Health Habits: Seasonal Eating
Every season brings variety to nutritious eating. Seasonal eating involves the purchase and consumption of food grown during a particular season. The food picked at each season is at its peak in flavor and nutrition. Have you ever noticed how produce does not look or taste as good during the offseason? Fruit and vegetables are harvested early to be shipped and distributed. Produce may continue to ripen in transit, but the nutritional value is not as good as when allowed to ripen on the parent plants. This is because the flavor and nutrients come from the soil.
Seasonal eating can help provide well-rounded meals. What’s a well-rounded meal, you ask? Well-rounded meals contain all the components necessary for health and satiety. Protein, carbohydrates, and fat combined in a meal provide satiety due to the length of time each nutrient takes to digest. The fruit and vegetables of the season provide most of the carbohydrates, protein, and fats. We have the option of purchasing our meat (protein and fats) from local farmers, the local grocery store, or hunt for it. The plants we eat get their nutrients from the soil, which gets consumed by the animals we hunt. By consuming animal proteins we are consuming some of the nutrients from the plants they ate. In a nutshell, this is why we benefit the most from seasonal eating.
Here are some combinations of summer seasonal foods to try:
Bass with heirloom tomato salad and roasted Yukon gold potatoes
Grilled chicken breasts with baked summer squash sprinkled with Parmesan cheese and pesto pasta
Seared steak tossed in balsamic vinaigrette with spinach, chard, & romaine as the salad base, finished with fresh garden tomatoes and grilled corn.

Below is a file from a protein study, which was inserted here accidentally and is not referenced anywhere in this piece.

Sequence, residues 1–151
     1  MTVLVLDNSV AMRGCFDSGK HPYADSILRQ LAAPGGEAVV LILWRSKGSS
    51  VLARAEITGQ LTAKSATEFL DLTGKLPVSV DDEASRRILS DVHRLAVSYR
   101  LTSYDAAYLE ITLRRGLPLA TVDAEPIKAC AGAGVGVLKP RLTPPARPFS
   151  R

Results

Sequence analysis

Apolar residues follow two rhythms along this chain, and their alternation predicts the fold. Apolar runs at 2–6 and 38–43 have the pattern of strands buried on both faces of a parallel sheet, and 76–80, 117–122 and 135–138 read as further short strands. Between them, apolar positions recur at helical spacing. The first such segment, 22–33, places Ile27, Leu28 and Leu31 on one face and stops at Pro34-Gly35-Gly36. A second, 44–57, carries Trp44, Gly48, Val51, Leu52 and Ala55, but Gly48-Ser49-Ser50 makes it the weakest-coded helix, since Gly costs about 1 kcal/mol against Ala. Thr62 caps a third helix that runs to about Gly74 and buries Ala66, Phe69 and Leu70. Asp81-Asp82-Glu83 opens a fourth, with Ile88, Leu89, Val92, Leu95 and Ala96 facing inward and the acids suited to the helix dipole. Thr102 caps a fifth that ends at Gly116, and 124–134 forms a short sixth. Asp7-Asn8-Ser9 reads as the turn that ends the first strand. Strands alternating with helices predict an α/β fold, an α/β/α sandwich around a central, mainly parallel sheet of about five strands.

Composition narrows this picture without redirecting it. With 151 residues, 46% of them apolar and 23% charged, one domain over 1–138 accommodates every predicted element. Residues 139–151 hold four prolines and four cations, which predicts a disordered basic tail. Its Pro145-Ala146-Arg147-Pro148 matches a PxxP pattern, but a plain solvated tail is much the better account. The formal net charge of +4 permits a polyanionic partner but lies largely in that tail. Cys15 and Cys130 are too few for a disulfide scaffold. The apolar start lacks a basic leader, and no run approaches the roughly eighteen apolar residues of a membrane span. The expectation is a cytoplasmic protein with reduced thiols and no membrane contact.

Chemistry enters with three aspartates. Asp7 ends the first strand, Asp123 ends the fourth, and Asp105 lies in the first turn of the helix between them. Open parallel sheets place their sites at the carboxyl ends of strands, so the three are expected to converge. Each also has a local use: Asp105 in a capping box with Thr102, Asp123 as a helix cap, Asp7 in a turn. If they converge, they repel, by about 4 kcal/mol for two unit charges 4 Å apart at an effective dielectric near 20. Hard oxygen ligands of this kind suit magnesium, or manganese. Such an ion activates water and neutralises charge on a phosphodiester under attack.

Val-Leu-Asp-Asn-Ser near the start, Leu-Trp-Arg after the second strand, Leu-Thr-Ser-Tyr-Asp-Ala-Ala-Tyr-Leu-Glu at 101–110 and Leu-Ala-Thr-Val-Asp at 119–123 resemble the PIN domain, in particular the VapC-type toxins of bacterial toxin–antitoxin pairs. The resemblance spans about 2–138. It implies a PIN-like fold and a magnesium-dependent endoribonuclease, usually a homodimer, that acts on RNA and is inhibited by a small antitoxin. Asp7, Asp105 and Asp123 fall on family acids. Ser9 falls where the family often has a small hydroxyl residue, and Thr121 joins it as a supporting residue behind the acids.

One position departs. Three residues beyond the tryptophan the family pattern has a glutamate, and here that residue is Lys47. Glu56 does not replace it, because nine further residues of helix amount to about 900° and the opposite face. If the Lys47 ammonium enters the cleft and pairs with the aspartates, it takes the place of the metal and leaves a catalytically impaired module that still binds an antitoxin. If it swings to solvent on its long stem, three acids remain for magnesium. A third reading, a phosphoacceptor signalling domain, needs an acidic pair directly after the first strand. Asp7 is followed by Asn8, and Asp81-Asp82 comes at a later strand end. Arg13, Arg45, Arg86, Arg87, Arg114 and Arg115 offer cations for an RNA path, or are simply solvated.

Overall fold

Tilapia with a side of Mediterranean chopped salad (romaine, chickpeas, tomatoes, cucumber, red onion, kalamata olives, dill, and feta cheese) and pita bread
Shrimp and veggie foil packs: toss shrimp and veggies (roughly chopped bell peppers, squash, onions, and corn with grape tomatoes) in a bowl, with herbs and spices such as paprika, celery seed, thyme, and cayenne pepper. Then divide onto foil squares, fold the edges to seal them, and grill them until they’re cooked through. For food safety rules, check out usda.gov and search for “food safety.”
When we eat what nature provides us during each particular season, we are saving money and reducing environmental impact. Purchasing local seasonal food allows for the reduction of greenhouse gas emissions, fossil fuel use, supports the local economy, and gives the body dense nutrition. I would be remiss if I did not tell you that Cameron is blessed with an organic produce farm, Thistledown Gardens. You may find them on their Facebook page for updates and CSA (Community Supported Agriculture) sign-ups. Please give them a try, as well as a combination, or two from the listed above.
This week’s health habit: Learn about seasonal vegetables in your area and share a seasonal meal with friends or family.